Students worry about new plan

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In past years, St. Paul students could apply to any high school in the district and get bus transportation to that school, if there was enough room.

When Olivia Nofzinger was an eighth grader last year in the St. Paul Public School District, Central High School was her first choice high school. She was on the high school’s swim team that year and had a lot of friends.

Nofzinger applied to go to Central for the 2011-2012 school year, but she didn’t get in, she said. It wasn’t because of the district’s new “Strong Schools, Strong Communities” plan, but Nofzinger doesn’t plan on trying to transfer later on, so she’s going to Como Senior High.

The plan will be implemented in stages over the next three years, but the major changes start in the 2012-2013 school year. That’s when the district will be divided up into six areas, areas A-F. And a bus ride to school will only be provided to the “community school” in your area and magnet schools.

In past years, St. Paul students could apply to any high school in the district and get bus transportation to that school, if there was enough room.

Nofzinger, who lives in area E, applied to Central, which is located in Area F. If she had gotten in to Central in 2011-2012, Nofzinger could’ve gone, but she wouldn’t be able to ride the bus to school starting her sophomore year – 2012-2013. Ninth and tenth graders at schools during the 2010-2011 school year will be given transportation for all four years.

As of 2012-2013, students will be assigned to a “community school,” the closest to their house.

“It was extremely disappointing, but I guess I can’t do anything but deal with it,” Nofzinger said.

The school board passed the plan in March, making drastic changes to the schools in the district that have students excited and concerned.

One of the changes will standardize curriculum in core classes, which would mean, for example, all algebra classes will have the same curriculum in every school.

By limiting the distances buses drive – along with cuts to staff and administration funding – the district will save about $10 million, according to the district’s website.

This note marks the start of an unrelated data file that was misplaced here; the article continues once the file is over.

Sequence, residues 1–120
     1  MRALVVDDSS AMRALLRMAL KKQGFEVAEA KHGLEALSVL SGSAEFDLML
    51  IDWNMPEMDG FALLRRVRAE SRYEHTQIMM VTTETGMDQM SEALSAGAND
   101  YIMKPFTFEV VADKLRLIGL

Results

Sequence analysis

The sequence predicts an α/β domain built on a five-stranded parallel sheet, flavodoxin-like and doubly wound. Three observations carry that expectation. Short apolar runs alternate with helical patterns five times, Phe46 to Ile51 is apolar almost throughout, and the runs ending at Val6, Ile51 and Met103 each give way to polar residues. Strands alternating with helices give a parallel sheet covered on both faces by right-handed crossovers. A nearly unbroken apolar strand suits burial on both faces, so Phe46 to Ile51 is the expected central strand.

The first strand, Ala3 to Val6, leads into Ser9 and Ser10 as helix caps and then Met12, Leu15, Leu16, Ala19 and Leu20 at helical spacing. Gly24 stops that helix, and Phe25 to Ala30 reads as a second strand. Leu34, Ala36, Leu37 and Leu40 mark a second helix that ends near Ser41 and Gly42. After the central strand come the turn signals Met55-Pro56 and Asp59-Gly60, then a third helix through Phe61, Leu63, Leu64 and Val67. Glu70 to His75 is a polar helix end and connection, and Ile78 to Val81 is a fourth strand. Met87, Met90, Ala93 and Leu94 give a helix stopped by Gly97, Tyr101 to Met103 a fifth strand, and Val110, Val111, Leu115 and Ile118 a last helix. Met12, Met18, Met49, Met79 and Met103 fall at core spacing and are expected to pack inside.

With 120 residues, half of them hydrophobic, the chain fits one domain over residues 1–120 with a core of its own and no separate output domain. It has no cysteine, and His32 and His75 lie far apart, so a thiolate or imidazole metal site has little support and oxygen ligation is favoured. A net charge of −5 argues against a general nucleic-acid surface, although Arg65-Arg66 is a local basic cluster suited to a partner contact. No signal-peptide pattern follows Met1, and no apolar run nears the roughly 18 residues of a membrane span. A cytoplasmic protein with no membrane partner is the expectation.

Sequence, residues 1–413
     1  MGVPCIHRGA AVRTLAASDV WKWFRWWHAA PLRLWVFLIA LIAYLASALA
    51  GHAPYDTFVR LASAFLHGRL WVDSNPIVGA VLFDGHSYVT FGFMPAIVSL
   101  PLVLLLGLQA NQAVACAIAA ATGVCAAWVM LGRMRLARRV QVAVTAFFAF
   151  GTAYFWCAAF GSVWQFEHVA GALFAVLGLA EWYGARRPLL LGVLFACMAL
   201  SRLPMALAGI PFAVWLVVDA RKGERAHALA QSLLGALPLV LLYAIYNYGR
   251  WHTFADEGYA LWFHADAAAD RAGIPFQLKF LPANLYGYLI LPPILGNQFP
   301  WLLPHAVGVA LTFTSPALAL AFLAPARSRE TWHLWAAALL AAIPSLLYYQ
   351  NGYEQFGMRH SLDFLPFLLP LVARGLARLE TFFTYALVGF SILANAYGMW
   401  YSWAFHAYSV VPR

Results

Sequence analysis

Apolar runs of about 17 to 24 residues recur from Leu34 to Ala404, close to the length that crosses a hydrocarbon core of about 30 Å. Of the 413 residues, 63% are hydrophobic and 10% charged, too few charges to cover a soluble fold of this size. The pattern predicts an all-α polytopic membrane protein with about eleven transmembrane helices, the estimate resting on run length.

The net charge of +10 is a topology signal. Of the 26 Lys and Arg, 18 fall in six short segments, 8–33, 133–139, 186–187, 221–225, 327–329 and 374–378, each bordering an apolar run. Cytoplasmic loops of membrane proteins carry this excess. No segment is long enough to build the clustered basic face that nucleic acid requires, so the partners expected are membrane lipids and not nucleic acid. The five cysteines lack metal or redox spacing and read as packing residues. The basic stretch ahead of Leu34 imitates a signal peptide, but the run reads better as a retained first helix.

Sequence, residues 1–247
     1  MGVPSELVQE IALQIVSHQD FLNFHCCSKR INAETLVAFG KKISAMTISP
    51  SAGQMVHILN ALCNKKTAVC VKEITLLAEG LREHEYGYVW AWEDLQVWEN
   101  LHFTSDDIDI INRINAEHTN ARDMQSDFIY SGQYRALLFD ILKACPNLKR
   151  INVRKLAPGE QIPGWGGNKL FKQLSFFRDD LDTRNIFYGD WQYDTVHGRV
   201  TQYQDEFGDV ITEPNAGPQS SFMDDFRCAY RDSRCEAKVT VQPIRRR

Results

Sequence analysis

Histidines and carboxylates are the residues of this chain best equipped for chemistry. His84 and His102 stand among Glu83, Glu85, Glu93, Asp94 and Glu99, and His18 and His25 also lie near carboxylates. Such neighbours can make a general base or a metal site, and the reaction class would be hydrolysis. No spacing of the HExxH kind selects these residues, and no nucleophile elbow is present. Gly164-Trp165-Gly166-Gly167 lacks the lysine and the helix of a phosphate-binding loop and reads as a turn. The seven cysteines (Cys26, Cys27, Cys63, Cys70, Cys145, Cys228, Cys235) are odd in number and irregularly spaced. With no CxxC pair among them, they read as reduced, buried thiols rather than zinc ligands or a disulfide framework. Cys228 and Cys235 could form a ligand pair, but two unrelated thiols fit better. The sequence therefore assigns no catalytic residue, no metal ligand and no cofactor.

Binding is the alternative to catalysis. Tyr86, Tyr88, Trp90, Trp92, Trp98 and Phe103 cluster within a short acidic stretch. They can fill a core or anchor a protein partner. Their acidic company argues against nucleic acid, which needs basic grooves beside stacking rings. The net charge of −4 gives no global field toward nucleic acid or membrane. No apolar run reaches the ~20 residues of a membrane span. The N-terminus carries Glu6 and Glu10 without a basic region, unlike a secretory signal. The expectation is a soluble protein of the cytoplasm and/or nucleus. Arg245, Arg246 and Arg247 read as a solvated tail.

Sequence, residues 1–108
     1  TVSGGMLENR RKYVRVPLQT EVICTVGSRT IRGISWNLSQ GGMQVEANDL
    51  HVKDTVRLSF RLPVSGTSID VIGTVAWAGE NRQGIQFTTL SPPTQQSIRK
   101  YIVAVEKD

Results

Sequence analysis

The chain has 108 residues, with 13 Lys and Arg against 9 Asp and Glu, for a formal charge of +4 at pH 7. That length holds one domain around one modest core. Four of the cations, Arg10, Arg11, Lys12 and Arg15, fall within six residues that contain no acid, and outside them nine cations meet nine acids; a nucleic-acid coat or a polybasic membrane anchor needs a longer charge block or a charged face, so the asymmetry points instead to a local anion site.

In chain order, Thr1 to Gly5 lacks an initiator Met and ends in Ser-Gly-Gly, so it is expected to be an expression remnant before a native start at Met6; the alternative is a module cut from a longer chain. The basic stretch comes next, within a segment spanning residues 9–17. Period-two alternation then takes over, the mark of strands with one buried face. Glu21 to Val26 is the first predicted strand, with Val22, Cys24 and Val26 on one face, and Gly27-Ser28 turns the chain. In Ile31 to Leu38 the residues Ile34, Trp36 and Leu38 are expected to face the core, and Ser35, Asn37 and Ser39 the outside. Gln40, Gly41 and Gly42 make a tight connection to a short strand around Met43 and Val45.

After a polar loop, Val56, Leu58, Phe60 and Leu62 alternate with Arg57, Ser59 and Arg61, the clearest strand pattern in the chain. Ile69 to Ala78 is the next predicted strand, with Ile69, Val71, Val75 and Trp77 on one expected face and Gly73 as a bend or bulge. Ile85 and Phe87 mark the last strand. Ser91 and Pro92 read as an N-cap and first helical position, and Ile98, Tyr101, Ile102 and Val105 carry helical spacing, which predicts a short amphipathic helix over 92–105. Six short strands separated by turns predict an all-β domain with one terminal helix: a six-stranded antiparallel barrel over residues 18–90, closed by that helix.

If Central junior Paige Norman were three years younger, she would probably not become a Central student. Although Paige supports the plan, when she imagined going to Como High School, which would be her community school, she got a funny look on her face.

“I really (wouldn’t) want to go to Como,” Norman said.

Based on the new areas, Norman would have attended Como, which she perceives as having fewer educational perks for students. She said she would have been “concerned about the lack of opportunities in the school.”

Norman said Central is kind of thought of as a bully in town, especially in sports, because it draws students with its sports, academics, like its IB program, black box theater and after-school clubs.

Norman loves the school culture and after-school opportunities and clubs, which she said is not matched by what she’s heard about other schools in the district.

“It think (the change) is going to be tough the first five years,” Norman said. “These schools have set standards, so you have some schools that are farther behind others.”

But she said she understands the district’s idea is that if students attend schools like Como, they could do things like start a Russian club, instead of having most of the students interested in that kind of club applying to Central.

“The idea is that Como will not have different educational opportunities as Central. They will be the same classes, but with different teachers,” Silva said.

Another concern of some students is the impact of this plan on schools’ racial diversity. Emma Grundhauser, a junior at Central, actually spoke out against the plan with three other Central students at the March board meeting because of her fears that it would destroy her school’s diversity.

Grundhauser said that it would be a pain for her parents to drive her to and from Central. If she couldn’t take the school bus, she probably wouldn’t go, and she thinks other teens will also have a tough time getting themselves to school.

Although Norman has concerns, she supports the plan. And she doesn’t think it will re-segregate the district.

“My dad and I both agree this plan is a great change in the district and should help solve some problems,” she said. “This plan could build strong communities, or it could tear them apart.”

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